Meanwhile, in a bowl, whisk together the eggs and both sugars. Whisk in the oil.

In a separate bowl, whisk together the flour, ground ginger, baking powder, cinnamon, cloves, nutmeg, and cardamom.

Combine the stout mixture with the egg mixture, then whisk this liquid into the flour mixture, half at a time. Take care not to overmix. Add the fresh ginger and stir to combine.

Pour the batter into the loaf pan and bake for 1 hour, or until the top springs back when gently pressed. Do not open the oven until the gingerbread is almost done or the center might fall in slightly. Transfer to a wire rack to cool.

Serving Suggestions:
Serve this cake with scoops of Ginger Ice Cream for a creamy counterpoint that also explores another facet of ginger flavor.
A garnish of Caramel Blood Oranges and a dollop of crème fraîche make a cool, bright partner for the spicy cake.

Yield: 6 servings

This is a simple, delicious dessert that also makes a warming and special brunch dish or breakfast. Although many baked apple recipes are on the lean side (my mother always ate them when she was dieting), my version is luxurious, yet still homey. I stuff the apples with a mix of brown sugar, dried fruit, and nuts, then bake them in a sauce of apple cider, maple syrup, and plenty of butter, which cooks down to a rich, thick glaze. I like to use Cortlands here because of their good squat shape and their complex fruity flavor, but any firm, tart baking apple will do.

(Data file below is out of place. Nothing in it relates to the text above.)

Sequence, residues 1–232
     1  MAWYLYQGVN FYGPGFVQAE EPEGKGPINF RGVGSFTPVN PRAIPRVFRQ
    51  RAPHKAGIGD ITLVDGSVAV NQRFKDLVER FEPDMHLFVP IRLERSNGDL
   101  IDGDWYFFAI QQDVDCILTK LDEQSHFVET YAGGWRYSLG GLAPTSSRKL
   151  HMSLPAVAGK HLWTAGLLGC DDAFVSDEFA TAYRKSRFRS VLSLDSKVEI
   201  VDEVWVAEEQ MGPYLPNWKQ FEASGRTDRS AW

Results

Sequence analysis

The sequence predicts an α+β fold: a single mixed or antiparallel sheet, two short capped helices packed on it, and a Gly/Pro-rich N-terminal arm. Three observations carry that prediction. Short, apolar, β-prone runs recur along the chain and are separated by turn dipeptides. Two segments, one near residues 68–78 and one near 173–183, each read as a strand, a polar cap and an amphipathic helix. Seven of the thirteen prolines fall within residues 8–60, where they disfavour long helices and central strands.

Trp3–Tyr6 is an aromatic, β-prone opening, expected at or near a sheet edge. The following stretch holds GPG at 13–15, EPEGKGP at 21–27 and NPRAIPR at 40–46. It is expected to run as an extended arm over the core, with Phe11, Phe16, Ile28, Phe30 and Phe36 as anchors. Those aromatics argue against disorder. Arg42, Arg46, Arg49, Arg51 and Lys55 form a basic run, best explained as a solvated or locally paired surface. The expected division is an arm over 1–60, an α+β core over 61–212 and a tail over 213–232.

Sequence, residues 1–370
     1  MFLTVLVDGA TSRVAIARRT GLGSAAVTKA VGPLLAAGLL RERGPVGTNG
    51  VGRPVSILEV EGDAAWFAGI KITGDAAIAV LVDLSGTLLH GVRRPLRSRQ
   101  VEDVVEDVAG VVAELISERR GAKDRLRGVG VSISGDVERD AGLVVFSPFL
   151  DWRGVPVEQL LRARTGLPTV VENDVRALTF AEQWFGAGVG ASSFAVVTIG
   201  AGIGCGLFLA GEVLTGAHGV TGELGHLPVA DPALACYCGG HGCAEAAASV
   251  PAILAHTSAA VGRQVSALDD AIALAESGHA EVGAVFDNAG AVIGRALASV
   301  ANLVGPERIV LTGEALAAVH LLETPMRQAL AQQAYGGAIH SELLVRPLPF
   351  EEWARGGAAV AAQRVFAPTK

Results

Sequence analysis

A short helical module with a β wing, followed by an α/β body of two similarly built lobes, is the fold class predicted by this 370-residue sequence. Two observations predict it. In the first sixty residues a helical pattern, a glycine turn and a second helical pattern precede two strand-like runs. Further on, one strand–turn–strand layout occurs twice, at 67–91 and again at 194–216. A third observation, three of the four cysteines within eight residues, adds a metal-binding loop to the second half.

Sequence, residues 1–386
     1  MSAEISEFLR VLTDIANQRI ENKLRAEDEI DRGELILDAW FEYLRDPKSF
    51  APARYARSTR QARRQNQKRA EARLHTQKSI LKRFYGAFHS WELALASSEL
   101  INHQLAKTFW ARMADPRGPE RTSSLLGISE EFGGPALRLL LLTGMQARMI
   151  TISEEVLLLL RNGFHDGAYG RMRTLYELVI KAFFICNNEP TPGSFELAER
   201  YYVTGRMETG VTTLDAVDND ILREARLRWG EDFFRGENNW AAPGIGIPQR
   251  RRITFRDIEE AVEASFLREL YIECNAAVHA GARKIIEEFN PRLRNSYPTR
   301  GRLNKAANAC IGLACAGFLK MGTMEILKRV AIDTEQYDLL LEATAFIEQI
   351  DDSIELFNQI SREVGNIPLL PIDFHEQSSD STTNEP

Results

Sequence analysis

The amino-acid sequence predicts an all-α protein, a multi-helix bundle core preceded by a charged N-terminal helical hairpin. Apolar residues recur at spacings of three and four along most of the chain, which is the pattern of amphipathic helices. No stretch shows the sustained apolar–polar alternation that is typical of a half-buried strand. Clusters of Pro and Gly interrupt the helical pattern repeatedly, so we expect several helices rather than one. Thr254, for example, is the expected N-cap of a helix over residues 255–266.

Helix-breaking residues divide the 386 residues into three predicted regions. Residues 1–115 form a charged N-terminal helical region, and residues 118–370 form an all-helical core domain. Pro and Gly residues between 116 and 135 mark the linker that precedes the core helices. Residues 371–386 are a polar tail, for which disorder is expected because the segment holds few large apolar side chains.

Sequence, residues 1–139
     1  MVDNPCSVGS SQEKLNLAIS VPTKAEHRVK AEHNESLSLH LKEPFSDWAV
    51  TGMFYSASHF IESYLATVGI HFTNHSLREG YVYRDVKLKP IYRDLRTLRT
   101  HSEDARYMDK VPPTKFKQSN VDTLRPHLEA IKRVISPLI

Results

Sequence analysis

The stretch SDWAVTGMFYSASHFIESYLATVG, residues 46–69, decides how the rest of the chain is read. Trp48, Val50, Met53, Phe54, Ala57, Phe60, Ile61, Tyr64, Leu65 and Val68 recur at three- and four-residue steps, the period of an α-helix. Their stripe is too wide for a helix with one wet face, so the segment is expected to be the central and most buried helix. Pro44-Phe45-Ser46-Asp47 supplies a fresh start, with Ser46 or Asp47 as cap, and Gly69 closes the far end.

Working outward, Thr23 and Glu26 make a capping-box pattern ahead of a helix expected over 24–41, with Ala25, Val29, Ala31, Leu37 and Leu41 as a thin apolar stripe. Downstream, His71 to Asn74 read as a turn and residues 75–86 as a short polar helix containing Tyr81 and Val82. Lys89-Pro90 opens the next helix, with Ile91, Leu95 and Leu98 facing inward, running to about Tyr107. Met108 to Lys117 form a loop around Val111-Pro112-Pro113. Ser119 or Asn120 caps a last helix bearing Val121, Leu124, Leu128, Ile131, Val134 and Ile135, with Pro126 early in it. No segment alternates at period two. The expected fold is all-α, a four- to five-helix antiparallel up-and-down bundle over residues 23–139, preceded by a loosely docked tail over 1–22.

1/3 cup firmly packed dark brown sugar
3 tablespoons dried cherries, roughly chopped
3 tablespoons chopped dried figs
2 tablespoons sliced toasted almonds, roughly chopped
2 tablespoons toasted pecans, roughly chopped
6 large, firm baking apples, such as Cortlands, cored but not peeled
3 tablespoons unsalted butter, cut into 6 pieces
1/2 cup apple cider
2 tablespoons maple syrup

Preheat the oven to 400° F. In a small bowl, mix together the brown sugar, dried fruit, and nuts.